My point was simply to stress, that what the early Unix developers did was a reflection of the challenges they faced at the time, and that the lessons they learned reflects that. There are no dogmatic and universal Unix rules with a permanent truth value forever and in all ways of doing computing.
Nobody said there were, but you were completely misguided. Piping is a key feature of Unix, and nobody would suggest removing it today. The key principles of Unix are not "to be obeyed" simply because they are rules that you are meant to follow. They are principles that emerged from development (like piping) which became a "way" that people follow because they make sense.
No. Maybe the log file implementation, but they didn't even get that right. An error in the file means the whole thing is useless.
Of course not. Just because a daemon died before finishing its log entry doesn't mean the log file can't be read. journalctl is quite good at dealing with such corruptions.
If moving the goalposts is the best that you can accomplish, then surely we cannot progress this conversation past this point. There are many things which can happen to a log file besides truncation.
Also, binary logs are just plain wrongheaded, period, end of story, if they are not in a format which common tools can already read.
Not a problem; all the standard Linux text tools like "grep" and "tee" work great together with journalctl through the basic concept of piping.
They don't work without journalctl. And this is relevant because text logging (which does work without journalctl) is a second-class citizen to the binary logging. This is the part of the binary logging which is completely unacceptable. If only one of the logs is going to be accurate, it must be the log which I can read without special tools. Indeed, with a filesystem debugger or even a filesystem editor, if necessary.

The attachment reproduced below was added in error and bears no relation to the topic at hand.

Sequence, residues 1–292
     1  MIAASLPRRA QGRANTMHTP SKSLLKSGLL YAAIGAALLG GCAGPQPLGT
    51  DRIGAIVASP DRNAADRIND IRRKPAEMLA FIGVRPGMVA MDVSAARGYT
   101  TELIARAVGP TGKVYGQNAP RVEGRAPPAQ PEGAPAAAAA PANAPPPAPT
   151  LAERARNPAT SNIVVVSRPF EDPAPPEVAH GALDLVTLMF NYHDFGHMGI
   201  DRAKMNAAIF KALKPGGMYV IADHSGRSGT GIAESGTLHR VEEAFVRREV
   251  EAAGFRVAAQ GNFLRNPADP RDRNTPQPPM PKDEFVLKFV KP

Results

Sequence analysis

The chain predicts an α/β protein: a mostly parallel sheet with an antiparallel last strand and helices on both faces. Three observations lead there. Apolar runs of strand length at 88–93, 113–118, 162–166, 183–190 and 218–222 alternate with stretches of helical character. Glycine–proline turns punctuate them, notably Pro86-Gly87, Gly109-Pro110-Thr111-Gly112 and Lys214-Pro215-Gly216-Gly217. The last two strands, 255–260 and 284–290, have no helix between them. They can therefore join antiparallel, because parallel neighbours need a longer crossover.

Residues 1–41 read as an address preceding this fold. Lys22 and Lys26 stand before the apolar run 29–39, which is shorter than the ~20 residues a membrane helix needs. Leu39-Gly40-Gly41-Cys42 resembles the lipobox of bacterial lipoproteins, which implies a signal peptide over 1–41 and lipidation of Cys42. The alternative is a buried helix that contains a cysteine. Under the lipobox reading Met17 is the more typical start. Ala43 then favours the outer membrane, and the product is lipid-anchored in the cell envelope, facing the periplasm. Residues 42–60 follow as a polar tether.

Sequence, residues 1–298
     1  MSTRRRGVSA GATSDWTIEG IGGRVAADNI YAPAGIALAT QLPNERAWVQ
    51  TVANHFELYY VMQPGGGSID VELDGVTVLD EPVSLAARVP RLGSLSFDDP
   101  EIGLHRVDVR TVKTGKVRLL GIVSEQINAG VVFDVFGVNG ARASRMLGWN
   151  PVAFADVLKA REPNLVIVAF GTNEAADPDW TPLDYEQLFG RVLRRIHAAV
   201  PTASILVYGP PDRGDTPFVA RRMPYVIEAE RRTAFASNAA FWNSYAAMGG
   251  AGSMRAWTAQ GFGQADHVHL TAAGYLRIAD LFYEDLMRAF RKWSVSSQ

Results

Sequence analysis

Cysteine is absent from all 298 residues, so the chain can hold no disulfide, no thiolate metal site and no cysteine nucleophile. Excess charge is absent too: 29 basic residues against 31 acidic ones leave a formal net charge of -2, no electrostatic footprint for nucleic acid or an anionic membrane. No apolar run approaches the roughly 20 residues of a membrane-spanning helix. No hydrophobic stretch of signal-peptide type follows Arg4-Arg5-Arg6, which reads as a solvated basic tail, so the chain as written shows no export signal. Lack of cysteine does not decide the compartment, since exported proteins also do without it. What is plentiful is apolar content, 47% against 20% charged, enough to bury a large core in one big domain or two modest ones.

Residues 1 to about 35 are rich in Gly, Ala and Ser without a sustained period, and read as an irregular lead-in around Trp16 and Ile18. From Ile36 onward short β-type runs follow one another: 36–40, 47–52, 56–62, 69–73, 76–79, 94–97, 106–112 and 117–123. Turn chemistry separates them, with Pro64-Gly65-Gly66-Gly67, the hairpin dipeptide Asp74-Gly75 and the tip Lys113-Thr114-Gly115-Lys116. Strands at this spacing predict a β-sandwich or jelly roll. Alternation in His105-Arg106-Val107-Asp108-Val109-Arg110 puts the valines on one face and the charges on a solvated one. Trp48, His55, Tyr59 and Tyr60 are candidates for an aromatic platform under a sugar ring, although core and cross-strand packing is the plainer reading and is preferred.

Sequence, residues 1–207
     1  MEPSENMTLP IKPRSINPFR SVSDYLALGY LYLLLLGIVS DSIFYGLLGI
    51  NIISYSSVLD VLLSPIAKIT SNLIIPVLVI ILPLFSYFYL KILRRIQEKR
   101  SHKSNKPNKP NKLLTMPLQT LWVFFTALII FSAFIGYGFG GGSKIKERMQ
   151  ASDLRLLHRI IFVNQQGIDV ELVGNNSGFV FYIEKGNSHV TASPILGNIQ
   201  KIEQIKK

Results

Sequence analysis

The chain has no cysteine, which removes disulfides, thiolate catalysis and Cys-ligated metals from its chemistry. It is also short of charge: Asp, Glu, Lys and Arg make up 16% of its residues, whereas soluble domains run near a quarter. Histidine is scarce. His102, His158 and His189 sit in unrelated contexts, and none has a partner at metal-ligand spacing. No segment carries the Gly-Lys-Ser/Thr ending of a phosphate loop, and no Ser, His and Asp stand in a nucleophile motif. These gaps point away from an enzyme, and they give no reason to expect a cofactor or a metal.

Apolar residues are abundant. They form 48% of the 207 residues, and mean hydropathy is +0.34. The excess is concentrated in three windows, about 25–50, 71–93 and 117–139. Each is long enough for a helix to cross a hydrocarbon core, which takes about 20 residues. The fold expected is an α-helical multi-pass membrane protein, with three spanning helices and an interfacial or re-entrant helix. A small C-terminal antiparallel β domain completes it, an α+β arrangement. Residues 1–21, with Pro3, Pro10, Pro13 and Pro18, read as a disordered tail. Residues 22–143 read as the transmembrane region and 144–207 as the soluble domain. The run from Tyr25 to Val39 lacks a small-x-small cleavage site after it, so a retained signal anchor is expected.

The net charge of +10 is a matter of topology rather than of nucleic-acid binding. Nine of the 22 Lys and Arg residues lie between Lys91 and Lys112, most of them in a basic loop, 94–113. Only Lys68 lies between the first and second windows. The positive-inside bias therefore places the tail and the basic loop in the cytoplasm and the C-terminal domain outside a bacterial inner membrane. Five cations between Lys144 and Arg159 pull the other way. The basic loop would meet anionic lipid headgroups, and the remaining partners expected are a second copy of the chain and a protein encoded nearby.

It is a very Unix way of dealing with such "problems".
False. You only say that because you do not understand the Unix Way, which includes preference for flat and human-readable files. You are praising one particular tree while cutting down the forest.
Not having the right tools in the box is simply a shameful thing for a paid SysAdmin.
In the real world, where things sometimes do not go according to plan, it does not make sense to tie myself to proprietary tools. This point has been proven time and again, again, in the real world. Your coulda woulda shoulda nonsense is just that; journald coulda woulda shoulda made text logging as important as binary logging, and then the chief objection to it would not even exist. But arrogance has led its development otherwise. Presumably this will be fixed and eventually, with some snarky bullshit comments about how it's for the fogeys thrown in as a means of avoiding any personal responsibility for the bad decision in the first place.
It is so trivial to read and analyze journal log files on other computers or through a boot media.
I find your lack of imagination typical, but disturbing. It is, of course, the mindset which led to systemd, so I am anything but surprised to see it here.